There was, however, a moment when his defensive game was sound but loud, and he had to jump into the net to play backup goalie for Elliott who had gone for a stroll or something, saving a goal. He had to do it again not too long after, but it wasn’t quite as flashy to look at. And that’s all to say that this game might have gotten even uglier if it weren’t for Provorov’s efforts. So hat tip for that.

Two loose observations

1. *Depth remains an issue intensifies*

We talked about this yesterday, after Friday’s loss in Ottawa, but it was apparent again in last night’s game, so we’re going to do a bit of rehashing. The Flyers’ bottom six has been struggling, and they made some changes to the lines last night in hopes that they could shake everybody up and get things going again, and it didn’t really work.

We’re going to pick on the fourth line again, because it very quickly became clear that a line with Tyler Pitlick, Andy Andreoff, and Chris Stewart just wasn’t working even a little bit, but the fact remains that they weren’t really getting much contribution from the third line, either, still. The Flyers seem, for now, reluctant to make another move to mix up the bottom six, and that just leaves us with the feeling that they need Scott Laughton back in a big way.

2. Deja vu

It feels like we’ve done all of this before, right? It’s not the first time in recent memory that the Flyers let the game get out of hand and blew a lead. They did it on Friday, as well as last weekend against Boston. They had the edge in the first period and then it all sort of started to get away from them. The Islanders got the better of the play in the second period, but the Flyers were able to hold on keep them off the board. But the third period saw some uglier defensive breakdowns, and the Islanders weren’t going to let those chances go. And just like that, they were back in it.

And we can say that back-to-backs are tough, especially when travel is involved. And we can note that this is technically still a team working through a new system. But they still need to tighten up, and make sure that they’re not giving away games in the third period. You can’t bank on shootout wins all the time.

The only damn thing I know

Gotta say, gang, at the game, Kurt, Charlie, and I were predicting a fight for Chris Stewart in that one, because, you know, apparently that’s what he does here, and I’m pretty disappointed that it didn’t happen. That’s all I’ve got.

NHL: New York Islanders at Philadelphia FlyersEric Hartline-USA TODAY Sports

Some observations for your morning…

The Flyers came home for their second game of the back-to-back last night, and despite taking what felt at the time like a pretty commanding 3-0 lead, and holding on to it despite letting off the gas a bit in the second period, the wheels fell off in pretty spectacular fashion and the Flyers let the Islanders claw their way back. You may be shocked to hear that neither team could collect the win in regulation, or then overtime, and this had to go to yet another shootout. Because this is our lives now.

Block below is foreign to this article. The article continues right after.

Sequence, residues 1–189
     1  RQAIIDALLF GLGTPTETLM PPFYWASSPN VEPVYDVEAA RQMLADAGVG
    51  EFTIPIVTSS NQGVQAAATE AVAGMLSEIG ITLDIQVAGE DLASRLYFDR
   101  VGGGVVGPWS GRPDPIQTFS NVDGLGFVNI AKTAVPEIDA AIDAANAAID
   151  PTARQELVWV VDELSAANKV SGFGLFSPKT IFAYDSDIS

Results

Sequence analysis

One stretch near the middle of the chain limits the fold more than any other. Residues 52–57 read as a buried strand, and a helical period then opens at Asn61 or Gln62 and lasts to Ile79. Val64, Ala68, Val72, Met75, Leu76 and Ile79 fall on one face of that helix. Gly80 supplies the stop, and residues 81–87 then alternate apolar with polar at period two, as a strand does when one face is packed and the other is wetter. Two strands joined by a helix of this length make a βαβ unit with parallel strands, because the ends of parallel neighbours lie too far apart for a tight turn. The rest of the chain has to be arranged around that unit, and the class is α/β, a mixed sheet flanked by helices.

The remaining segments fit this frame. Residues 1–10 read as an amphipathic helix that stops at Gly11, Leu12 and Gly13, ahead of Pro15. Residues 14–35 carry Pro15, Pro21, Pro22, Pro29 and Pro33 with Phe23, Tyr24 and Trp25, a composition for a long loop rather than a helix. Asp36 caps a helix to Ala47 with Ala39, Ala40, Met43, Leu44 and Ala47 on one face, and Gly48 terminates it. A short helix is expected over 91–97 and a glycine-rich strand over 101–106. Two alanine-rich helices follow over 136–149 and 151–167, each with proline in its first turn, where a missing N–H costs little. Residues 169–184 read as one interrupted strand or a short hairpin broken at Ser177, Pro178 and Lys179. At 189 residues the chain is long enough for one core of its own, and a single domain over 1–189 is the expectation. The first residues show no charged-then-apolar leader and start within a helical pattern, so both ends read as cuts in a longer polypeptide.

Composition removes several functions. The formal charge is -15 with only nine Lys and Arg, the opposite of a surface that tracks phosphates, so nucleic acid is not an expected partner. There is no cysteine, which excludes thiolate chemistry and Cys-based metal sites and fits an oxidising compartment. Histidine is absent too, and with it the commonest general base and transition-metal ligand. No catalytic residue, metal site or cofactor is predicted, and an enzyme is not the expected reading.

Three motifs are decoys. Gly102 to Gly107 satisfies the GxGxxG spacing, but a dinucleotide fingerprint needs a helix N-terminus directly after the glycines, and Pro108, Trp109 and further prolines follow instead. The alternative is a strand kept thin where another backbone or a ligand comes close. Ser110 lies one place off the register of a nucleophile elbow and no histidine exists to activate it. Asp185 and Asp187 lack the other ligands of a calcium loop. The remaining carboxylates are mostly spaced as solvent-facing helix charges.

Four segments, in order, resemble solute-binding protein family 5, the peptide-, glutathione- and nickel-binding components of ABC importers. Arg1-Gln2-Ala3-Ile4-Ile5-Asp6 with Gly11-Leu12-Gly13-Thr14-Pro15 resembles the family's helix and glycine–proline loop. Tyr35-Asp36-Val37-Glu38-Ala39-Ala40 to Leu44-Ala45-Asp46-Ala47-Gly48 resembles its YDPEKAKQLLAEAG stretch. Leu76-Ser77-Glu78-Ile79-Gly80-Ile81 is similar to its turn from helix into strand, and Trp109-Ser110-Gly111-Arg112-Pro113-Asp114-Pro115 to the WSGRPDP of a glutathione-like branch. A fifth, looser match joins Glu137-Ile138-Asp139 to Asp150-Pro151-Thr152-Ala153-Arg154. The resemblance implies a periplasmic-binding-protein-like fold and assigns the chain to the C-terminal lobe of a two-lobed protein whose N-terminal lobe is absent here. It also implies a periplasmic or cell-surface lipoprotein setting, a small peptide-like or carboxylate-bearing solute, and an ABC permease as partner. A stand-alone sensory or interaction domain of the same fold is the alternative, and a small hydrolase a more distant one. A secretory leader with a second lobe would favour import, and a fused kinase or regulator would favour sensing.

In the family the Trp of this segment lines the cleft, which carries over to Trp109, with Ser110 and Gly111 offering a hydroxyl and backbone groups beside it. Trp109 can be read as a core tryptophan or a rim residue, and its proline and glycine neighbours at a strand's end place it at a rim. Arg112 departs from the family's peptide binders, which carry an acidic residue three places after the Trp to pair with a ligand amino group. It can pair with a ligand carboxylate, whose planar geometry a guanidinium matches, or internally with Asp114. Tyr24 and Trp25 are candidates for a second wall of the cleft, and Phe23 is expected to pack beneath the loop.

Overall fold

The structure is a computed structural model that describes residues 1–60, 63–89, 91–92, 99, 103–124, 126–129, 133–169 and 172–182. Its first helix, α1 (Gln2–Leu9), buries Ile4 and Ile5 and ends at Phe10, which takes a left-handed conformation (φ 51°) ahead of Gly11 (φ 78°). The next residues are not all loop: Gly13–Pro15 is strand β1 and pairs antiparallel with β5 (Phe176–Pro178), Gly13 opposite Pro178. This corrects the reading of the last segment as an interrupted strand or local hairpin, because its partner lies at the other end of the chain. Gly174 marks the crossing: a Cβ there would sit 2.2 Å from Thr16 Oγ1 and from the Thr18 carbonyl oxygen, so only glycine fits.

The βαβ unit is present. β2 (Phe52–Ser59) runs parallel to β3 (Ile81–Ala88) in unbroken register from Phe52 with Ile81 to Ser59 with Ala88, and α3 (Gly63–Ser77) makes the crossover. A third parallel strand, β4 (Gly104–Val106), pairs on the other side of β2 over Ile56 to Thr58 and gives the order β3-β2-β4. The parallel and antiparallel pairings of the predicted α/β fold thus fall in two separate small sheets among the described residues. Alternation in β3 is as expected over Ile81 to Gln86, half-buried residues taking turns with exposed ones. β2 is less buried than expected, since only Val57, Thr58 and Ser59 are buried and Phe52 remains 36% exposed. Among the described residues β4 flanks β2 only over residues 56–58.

All stats via Natural Stat Trick.

How’d they look out there?

5-on-5: 40 CF, 23 SF, 47.23 CF%, 37.21 xGF%

Overall, not the Flyers’ best performance at 5-on-5. They had a slight edge in the first period, but weren’t able to keep up that same pressure through the final 40 minutes. The Islanders took back much of the momentum after the second intermission, and the Flyers didn’t really have an answer for it.

The Flyers were pretty well limited in terms of their chances, and held to the outside, and this was something we might have expected to happen, because this is just what the Islanders do. They play pretty tight defensively, and don’t give a whole lot up. Would we have like for the Flyers to have found a way to game plan against that and found a way to break through? Absolutely. But they wouldn’t be the first team to fail to do this.

Power play: 12 CF, 7 SF, 2 HDCF

This really should just about sum up our feelings on the power play from last night. All in all, it wasn’t their best showing, they still weren’t quite connecting on all of their passes, and Vigneault kept switching up the personnel from attempt to attempt, with Travis Konecny being bumped up to the top unit and Ivan Provorov and Shayne Gostisbehere alternating between the top unit.

It was still a little messy, but they did better at generating chances than last night, and they got a reward for it.

Penalty kill: 10 CA, 5 SA, 7 HDCF

On the flip side, it wasn’t a very strong night for the Flyers’ penalty kill, which feels strange to say now after they’d been good for such a long stretch. That stat line, if your reading experience was the same as mine, is pretty telling—okay, they had about 5:46 on the penalty kill, 10 shot attempts, fine, five shots, not terrible I guess, SEVEN HIGH DANGER CHANCES?

Which is all to say that, particularly given that Brian Elliott was also looking a little shaky, it’s not a huge surprise that the Islanders were able to convert on the power play, when given that many good chances. The door was pretty much wide open.